The long-term trajectory of depression among Latinos in primary care
and its relationship to depression care disparities
Alejandro Interian, Ph.D.a,⁎, Alfonso Ang, Ph.D.b, Michael A. Gara, Ph.D.a,c,
Michael A. Rodriguez, M.D., M.P.H.b, William A. Vega, Ph.D.d
aDepartment of Psychiatry, UMDNJ-Robert Wood Johnson Medical School, Lyons, NJ 08854, USA
bDepartment of Family Medicine, University of California, Los Angeles, CA 90095, USA
cUMDNJ-University Behavioral Healthcare, Lyons, NJ 08854, USA
dUniversity of Southern California, School of Social Work, Los Angeles, CA 90089, USA
Received 3 September 2010; accepted 7 December 2010
Objective: Lower use of medication treatment, poorer doctor–patient communication (DPC) and depression stigma are key contributors to
mental healthcare disparities among Latinos with depression. The current study investigated the relationship between these key variables and
the long-term trajectory of depression in primary care among Latinos.
Method: Participants (N=220) were Latinos presenting to primary care who screened positive for depression. A repeated measures design
was used to assess participants at baseline and 6, 25 and 30 months. Repeated measures included depression (Patient Health Questionnaire-
9), self-reported quality of DPC and stigma pertaining to antidepressants. Using growth curve modeling, participants' depressive symptom
trajectories were examined for a 30-month period. Self-reported utilization of antidepressants, DPC and antidepressant stigma were
examined as predictors of the depressive symptom trajectory. In addition, rates of depression improvement/remission and recurrence/relapse
Results: Improvement/remission was experienced by 69.4% of participants during a 30-month period. Among those who improved/remitted
at 6 or 25 months, 63.4% maintained that improvement/remission by 30 months. The long-term trajectory of depressive symptoms
demonstrated a significant positive association with antidepressant stigma and significant negative associations with use of antidepressant
treatment and quality DPC.
Conclusions: While relapse/recurrence is common, most Latinos in this study experienced improvement in depression over 30 months. For
many, there is a considerable time to reach improvement/remission. Also, these findings confirm the significance of antidepressant
underutilization, DPC and stigma in the long-term outcome of depression among Latinos in primary care.
Published by Elsevier Inc.
Latinos in the US, particularly Mexican–Americans, are
less likely to receive guideline-concordant depression care
, and it is critical to examine how this problem, and its
determinants, are related to the long-term course of
depression among Latinos. The problem of mental health
care disparities among US Latinos, as well as other racial/
ethnic minority groups, has been given wide attention in the
research literature. Visibility to these disparity issues was
enhanced by the Surgeon General's report on culture, race
and ethnicity on mental health , as well as the Institute of
Medicine's outline of a broad range of healthcare disparities,
many of which centered on the lower utilization of mental
health care .
The adequate treatment of depression in primary care
among Latinos is a key area to address for reducing mental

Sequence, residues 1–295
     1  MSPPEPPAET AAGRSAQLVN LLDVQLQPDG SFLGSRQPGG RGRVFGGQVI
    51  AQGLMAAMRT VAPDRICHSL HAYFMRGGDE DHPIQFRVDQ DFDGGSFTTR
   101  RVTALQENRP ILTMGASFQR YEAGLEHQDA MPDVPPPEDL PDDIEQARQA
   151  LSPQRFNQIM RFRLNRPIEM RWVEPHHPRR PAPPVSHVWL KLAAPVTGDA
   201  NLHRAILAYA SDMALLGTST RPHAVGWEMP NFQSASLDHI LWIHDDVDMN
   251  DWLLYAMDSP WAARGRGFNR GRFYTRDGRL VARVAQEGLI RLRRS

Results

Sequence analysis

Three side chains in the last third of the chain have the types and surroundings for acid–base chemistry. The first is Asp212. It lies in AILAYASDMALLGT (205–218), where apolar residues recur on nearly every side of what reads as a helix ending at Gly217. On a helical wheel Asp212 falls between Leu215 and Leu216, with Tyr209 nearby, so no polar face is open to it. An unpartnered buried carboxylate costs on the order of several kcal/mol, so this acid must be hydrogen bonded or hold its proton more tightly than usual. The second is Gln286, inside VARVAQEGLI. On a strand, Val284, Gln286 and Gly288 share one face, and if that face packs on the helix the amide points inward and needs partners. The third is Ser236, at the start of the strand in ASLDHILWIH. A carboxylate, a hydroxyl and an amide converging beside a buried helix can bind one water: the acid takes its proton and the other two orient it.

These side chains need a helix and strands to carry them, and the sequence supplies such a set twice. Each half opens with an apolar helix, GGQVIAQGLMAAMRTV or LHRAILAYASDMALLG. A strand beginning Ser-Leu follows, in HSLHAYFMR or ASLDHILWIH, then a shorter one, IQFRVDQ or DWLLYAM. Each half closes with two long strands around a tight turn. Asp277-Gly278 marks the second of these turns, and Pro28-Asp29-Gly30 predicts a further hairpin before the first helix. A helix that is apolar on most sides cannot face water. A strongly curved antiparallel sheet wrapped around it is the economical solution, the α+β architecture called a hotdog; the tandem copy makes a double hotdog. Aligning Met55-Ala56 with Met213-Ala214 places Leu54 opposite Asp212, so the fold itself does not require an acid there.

health disparities. Latinos predominantly seek mental health
treatment from primary care [4,5], and a major source of
mental health disparities is the markedly low rate of
depression treatment , as 36% percent of Latinos with
Available online at www.sciencedirect.com
General Hospital Psychiatry xx (2011) xxx–xxx
⁎Corresponding author. Department of Veterans Affairs, New Jersey
Health Care System, Lyons Campus, Mental Health and Behavioral
Sciences, Lyons, NJ 07939-5000, USA. Tel.: +1 908 647 0180x4617.
E-mail address: firstname.lastname@example.org (A. Interian).
0163-8343/$ – see front matter. Published by Elsevier Inc.
depression receive treatment versus 60% of non-Latino
whites. Latinos are also more likely to prematurely
discontinue their antidepressant, relative to non-Latino
whites [7–10]. Also, evidence shows that Latinos initiate
antidepressant treatment at much lower rates, despite being
equally likely to receive a recommendation for an antide-
pressant from their primary care provider .
The stigma associated with antidepressant treatment and
poorer doctor–patient communication (DPC) were consid-
ered a causal factor in lower treatment engagement among
Latinos . Indeed, depression stigma is a particular
concern among a range of Latino groups [13–16], and this
has been shown to be associated with lower treatment
utilization . Thus, efforts that target stigma may
complement existing approaches that improve access to
guideline-concordant care among racial/ethnic minority
patients with depression [18,19].
An additional contributor to depression care disparities
pertains to DPC. There is less doctor–patient discussion of
antidepressant medication among Spanish-speaking Latinos
, a finding that is consistent with Latinos' overall
dissatisfaction with DPC . Doctor–patient communica-
tion may therefore be another target for reducing treatment
disparities, given that good communication is associated
with improved outcomes, adherence and patient satisfaction
in many areas of medicine [21–23].
These issues prompt the question, how do these key
disparity factors influence the course of depressive illness
among Latinos in primary care? It is likely that antidepres-
sant utilization, depression stigma and DPC interact with
one another to influence the trajectory of depression among
Latinos. The stigma associated with depression and its
treatment may leave patients more reluctant to utilize
antidepressant medication. Also, the medical encounter is a
critical point in the delivery of care, where skillful
communication can engage patients in a way that increases